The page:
An investment in knowledge pays the best interest. – Benjamin Franklin
Despite a huge sell-off in stocks on Friday that saw the technology-laden Nasdaq Composite Index lose more than 2.5% and the S&P 500 Index drop more than 1%, stocks generally were able to close higher for the week. In a pattern recently that has become all too familiar, stocks were relatively strong throughout most of the week but surrendered gains at the end of the week, leaving investors scratching their heads about the future direction of stocks. For the most part, the economic news was positive as both the manufacturing and services sector data confirmed continued expansion, construction spending and factory orders rose and automobile sales were better than expected. Fed Chair Janet Yellen also helped stocks with her dovish remarks that interest rates would remain low for as long as necessary to get the economy back on track and the labor market back to normal. Even the March employment report on Friday was encouraging as the U.S. added 192,000 jobs with upward revisions in jobs for both January and February. Although the jobs number was somewhat less than expected, stocks initially cheered the news and went up before reversing course and ending the day in the red. Most of the damage was in so-called momentum stocks that had become overvalued and were due for a correction. This week the focus will be clearly on first quarter corporate earnings reports, which will hold the key in determining the near-term direction of stock prices.
In an effort to revive its slowing economy, China plans to implement stimulus plans that includes upgrading its rail system, improving low-income housing and providing small business tax incentives in order to create faster growth. Whether or not it will be enough is questionable as the amount set aside pales in comparison to the $650 billion spent in 2008.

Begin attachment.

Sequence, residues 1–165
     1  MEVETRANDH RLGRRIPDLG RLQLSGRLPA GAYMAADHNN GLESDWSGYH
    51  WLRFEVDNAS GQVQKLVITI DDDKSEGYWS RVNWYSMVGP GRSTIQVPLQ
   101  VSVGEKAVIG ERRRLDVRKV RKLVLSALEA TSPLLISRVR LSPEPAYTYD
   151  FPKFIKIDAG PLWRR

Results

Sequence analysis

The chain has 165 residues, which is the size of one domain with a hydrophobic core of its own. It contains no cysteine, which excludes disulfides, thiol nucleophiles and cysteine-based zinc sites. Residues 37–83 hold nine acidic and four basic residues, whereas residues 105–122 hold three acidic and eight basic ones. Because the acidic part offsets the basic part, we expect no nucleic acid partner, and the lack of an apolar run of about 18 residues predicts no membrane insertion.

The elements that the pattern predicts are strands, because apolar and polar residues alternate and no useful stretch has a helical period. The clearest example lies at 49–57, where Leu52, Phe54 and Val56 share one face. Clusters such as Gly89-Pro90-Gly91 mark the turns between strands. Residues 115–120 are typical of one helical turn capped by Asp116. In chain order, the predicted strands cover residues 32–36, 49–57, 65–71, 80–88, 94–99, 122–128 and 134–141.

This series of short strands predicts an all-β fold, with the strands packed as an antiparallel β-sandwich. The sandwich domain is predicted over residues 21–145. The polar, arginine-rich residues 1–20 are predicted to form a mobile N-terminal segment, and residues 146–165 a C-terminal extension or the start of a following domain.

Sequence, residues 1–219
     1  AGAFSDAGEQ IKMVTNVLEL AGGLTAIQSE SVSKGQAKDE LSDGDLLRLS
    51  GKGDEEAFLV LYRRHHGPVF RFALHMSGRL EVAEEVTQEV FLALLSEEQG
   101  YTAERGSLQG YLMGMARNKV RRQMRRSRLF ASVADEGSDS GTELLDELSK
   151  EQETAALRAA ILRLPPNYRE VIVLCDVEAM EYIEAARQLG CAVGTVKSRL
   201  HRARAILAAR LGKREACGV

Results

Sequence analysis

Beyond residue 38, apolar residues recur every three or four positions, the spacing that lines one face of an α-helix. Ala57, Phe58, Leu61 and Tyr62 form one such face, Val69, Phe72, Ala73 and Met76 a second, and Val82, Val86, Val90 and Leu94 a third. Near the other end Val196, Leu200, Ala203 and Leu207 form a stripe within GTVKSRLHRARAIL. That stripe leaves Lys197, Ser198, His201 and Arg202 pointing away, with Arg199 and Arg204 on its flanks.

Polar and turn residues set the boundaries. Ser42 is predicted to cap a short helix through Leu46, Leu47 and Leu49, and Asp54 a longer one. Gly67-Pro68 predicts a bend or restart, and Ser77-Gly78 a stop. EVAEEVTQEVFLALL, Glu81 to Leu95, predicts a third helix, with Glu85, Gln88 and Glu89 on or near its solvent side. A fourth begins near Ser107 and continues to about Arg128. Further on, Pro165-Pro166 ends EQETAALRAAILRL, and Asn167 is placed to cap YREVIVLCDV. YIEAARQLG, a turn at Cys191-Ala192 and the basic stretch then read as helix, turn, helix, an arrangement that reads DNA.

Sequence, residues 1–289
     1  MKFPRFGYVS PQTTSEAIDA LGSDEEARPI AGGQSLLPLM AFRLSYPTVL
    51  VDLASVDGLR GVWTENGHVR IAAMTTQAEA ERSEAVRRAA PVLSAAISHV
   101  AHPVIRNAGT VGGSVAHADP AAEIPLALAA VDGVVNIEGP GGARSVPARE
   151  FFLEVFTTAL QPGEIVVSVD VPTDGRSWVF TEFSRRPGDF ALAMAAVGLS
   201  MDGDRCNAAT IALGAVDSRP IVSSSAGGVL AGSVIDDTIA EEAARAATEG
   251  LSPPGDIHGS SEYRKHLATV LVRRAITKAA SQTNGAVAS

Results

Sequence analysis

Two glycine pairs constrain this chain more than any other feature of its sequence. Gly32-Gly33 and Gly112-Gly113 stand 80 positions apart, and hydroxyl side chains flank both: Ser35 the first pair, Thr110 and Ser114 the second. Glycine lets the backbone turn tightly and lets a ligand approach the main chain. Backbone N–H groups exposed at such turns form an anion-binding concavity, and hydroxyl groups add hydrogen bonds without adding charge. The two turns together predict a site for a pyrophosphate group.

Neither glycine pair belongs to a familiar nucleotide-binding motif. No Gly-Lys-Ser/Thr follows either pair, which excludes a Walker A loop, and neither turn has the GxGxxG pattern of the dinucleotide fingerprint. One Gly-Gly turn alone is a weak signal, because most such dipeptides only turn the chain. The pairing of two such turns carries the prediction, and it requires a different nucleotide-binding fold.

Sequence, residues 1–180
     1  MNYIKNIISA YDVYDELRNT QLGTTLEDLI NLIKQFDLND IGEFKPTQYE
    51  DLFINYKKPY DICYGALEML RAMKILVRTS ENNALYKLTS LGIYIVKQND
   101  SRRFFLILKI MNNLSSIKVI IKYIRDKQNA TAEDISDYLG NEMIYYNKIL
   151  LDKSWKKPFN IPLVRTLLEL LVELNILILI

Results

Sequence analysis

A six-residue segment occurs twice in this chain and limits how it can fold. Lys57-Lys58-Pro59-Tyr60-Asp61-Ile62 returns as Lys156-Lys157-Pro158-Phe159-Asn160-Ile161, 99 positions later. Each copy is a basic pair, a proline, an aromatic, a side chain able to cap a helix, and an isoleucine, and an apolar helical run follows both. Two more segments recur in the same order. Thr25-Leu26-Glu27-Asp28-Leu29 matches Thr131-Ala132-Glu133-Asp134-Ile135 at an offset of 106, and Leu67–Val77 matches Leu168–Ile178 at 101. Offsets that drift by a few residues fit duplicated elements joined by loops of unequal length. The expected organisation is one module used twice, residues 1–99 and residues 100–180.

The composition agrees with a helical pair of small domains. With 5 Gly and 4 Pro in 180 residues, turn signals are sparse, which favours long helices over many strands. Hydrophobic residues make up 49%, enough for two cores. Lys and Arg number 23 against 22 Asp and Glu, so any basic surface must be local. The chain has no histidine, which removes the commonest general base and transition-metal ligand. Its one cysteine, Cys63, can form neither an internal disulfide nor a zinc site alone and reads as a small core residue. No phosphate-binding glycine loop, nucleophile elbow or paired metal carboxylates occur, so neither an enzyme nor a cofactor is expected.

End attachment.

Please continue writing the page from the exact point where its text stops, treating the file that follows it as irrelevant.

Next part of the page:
With the stock market trading near all-time highs and corporate balance sheets in excellent shape, it is no wonder that merger and acquisition activity is booming. The volume of such deals rose 15% in the first quarter and the total volume of all mergers and acquisitions was at the highest level since 2007. This activity along with increased dividends and share repurchases are ways that corporations are utilizing their cash stockpiles to increase shareholder value.
For the week, the Dow Jones Industrial Average rose 0.6% to close at 16,412 while the S&P 500 Index increased 0.4% to close at 1,865. The Nasdaq Composite Index, however, dropped 0.7% to close at 4,127.
Corporate earnings reports for the first quarter will begin in earnest this week as Alcoa leads the confessional on Tuesday followed later in the week by retailers Family Dollar Stores, Bed Bath & Beyond and Rite Aid and financial heavyweights Wells Fargo and JP Morgan Chase. The big question mark for companies will be the effect that the harsh winter weather had on earnings results. If profits fail to meet analyst estimates, expect companies to blame the weather for falling short.
In other news, the minutes from the March Federal Open Market Committee (FOMC) meeting will be released and the Senate Judiciary Committee will review the merger between Comcast and Time Warner Cable. The producer price index (PPI) is expected to rise only 0.1% and jobless claims are forecast to decline, continuing the improving trend in the labor market.
While both the Labor Department and ADP reports on jobs were definitely better than in previous months, they were not good enough to cause the Fed to tighten monetary policy sooner or change any of its monthly tapering plans. For this reason, it still left unresolved the strength of the economic recovery and how much first quarter corporate earnings will be affected by the unusually cold and snowy winter. While it seems to be a foregone conclusion that earnings will be much weaker than first thought, most analysts have not changed their full year estimates. That means that earnings growth in the second quarter will have to rebound and accelerate throughout the year. Weather cannot be used as an excuse going forward. For bondholders, the employment data was just right as it suggested that the economy is growing modestly and that the labor market is improving gradually. The yield on the 10-year Treasury barely budged for the week and currently yields about 2.73%. Investment grade corporate bonds with intermediate maturities offer good value and should perform well in a slow growth, low inflationary environment. They offer a significant yield advantage over comparable Treasury securities. Even more attractive are high quality municipal bonds with similar maturity structures for those investors in high enough tax brackets to benefit from these securities.